Those who openly advocate for giving time for a player who has clocked out on their own time often look to the idea that “they would not want to win that way”, but that fundamentally misses the point. By ascribing moral agency to a player who judiciously managed their time while their opponent has clocked out, we are effectively telling that player that it is their duty to make up for their opponent’s deficiency in time management skills.

The game in this environment is ultimately a series of social contracts between individuals who have a shared understanding of the rules of competition. To my knowledge, the competitive game has no expectations that one player is obligated to provide a handicap to a lesser skilled opponent. As a result, I do not believe individuals who take the view that “they wouldn’t want to win that way” would ever bat an eye if their opponent showed up to the table with a poor list, deployed their models carelessly, or made bad decisions at the table. By ascribing sportsmanship to a player for granting time, we are both removing their opponent’s singular agency for their predicament and placing a unique burden on the player whose time remains. The moral ambiguity is a result of the fundamental misunderstanding of what time is in the setting. Who would ever consider a basketball player a good sport who intentionally turns the ball over to their opponent after that opponent violated the shot clock?

What About Clock-Abusers?

A common challenge to clock adoption, particularly among newer or inexperienced players, is the fear of being taken advantage of on the clock. I don’t want to downplay this, it’s real and it’s a valid concern. However, as we’ve discussed, time and clocks are as fundamental to the game as range and rulers. Abuse of the clock is no different than abuse of any other measurement. It’s bullying and/or cheating, and while it does occur, it is not nearly as common as many people expect. Moreover, the best way to protect yourself from these abusers/cheaters is understand the use of the clock and be practiced with it so you can maintain appropriate standards of gameplay – just as you would with the game’s rules. At a game’s outset, clearly articulate your intended use of the clock with your opponent, be consistent, and stick to your guns. This game is a social contract, reinforce it with your opponent at every opportunity so that there is no ambiguity. When something stands out to you as inappropriate, talk about it and keep each other honest. This is all a part of tournament play, and it’s not of any lesser importance than any other element. Nor is it something you master and never revisit – competitive play is an adventure, not a destination.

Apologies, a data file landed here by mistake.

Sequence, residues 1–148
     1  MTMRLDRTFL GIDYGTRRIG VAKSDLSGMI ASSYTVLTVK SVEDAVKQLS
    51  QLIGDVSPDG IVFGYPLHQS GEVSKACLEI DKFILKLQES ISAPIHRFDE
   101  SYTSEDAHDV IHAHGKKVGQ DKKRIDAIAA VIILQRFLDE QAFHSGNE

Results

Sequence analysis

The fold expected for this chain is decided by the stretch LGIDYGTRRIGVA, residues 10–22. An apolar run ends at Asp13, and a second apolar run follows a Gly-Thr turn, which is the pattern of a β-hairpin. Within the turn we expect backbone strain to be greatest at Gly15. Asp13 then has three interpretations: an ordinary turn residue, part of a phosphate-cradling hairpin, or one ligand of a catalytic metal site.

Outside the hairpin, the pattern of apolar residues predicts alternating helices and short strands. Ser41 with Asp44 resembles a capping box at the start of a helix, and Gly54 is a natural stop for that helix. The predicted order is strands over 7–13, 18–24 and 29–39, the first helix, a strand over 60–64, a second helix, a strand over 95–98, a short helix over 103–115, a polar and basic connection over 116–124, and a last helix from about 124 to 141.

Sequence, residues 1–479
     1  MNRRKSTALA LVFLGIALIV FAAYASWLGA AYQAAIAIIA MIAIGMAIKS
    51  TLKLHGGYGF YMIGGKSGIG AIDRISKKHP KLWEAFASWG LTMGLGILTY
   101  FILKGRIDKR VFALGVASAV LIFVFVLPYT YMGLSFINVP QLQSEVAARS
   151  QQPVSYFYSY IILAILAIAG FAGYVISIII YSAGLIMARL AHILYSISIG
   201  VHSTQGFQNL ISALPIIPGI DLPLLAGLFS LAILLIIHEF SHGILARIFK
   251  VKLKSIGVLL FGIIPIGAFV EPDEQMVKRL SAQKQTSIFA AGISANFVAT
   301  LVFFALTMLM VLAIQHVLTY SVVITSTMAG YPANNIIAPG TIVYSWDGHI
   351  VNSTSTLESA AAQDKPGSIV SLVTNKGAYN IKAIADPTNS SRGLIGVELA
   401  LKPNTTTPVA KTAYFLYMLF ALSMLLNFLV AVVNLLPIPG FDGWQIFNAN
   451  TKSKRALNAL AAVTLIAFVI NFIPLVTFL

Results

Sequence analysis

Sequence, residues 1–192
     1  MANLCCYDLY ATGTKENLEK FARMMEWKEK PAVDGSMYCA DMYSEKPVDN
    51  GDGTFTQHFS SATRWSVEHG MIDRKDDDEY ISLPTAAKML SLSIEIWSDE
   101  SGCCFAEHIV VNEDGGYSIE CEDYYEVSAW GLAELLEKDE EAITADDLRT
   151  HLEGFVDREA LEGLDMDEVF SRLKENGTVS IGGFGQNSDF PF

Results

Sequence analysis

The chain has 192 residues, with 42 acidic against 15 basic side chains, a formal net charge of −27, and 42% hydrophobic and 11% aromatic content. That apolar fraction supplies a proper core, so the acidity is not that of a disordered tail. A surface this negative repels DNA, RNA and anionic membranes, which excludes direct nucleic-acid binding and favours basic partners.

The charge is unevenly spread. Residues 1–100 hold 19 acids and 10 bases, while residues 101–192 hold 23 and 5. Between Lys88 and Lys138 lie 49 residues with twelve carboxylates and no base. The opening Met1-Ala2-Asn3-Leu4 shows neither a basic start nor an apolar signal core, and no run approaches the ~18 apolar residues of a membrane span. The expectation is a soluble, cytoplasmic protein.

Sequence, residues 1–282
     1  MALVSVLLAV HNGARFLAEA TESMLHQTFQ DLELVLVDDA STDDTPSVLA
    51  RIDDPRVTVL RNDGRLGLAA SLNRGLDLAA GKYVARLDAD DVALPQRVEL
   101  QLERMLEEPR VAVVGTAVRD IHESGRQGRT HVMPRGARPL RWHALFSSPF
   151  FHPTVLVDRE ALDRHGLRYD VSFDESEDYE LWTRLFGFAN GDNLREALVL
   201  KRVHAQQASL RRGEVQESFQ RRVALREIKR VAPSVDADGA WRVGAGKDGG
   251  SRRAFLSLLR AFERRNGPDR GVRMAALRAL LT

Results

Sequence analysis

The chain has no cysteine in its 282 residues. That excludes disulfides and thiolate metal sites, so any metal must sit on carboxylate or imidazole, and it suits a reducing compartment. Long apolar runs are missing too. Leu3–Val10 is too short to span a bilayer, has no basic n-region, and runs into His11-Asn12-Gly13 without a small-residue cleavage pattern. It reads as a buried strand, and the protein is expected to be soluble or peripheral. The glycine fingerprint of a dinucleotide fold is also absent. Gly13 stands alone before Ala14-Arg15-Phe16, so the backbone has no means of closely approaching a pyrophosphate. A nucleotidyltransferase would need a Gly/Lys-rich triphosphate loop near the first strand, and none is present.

Final Thoughts

The reality of competitive table-top gaming is that it does not exist in a bubble. Most of the problems we may encounter as a community have been solved in other competitive environments and/or accepted as common practice. Our closest analogue is probably competitive Chess, and in that environment no one would think twice about using a clock or what happens when a player clocks out. The standards have been set, they are known, and we should look at these and other examples and ask ourselves, “Why haven’t we internalized these lessons yet in tabletop gaming?”. The tournament organizing community and how they establish and enforce a standard practice for time has an outsized role to play, but the players also need to push for these standards. Inconsistency can create confusion, being clear and concise right up front about time management rules in player packets should be an expectation, and if it’s not players need to take it upon themselves to bring it up and/or demand clarity.

Finally, it does not matter whether you’re playing for the top table of a tournament or the wooden spoon. Time is still relevant. No one at a lower table would be expected to agree to, “there is no need for us to use a ruler”. Similarly, we should not expect players to automatically agree to, “there is no need for a clock”. It isn’t a mark of shame or penalty, it’s simply a part of the game. If the players agree to not play on a clock, then great! That’s their individual prerogative to do so – and so is choosing to use a clock as an individual pursues bettering their own skills in a competitive environment.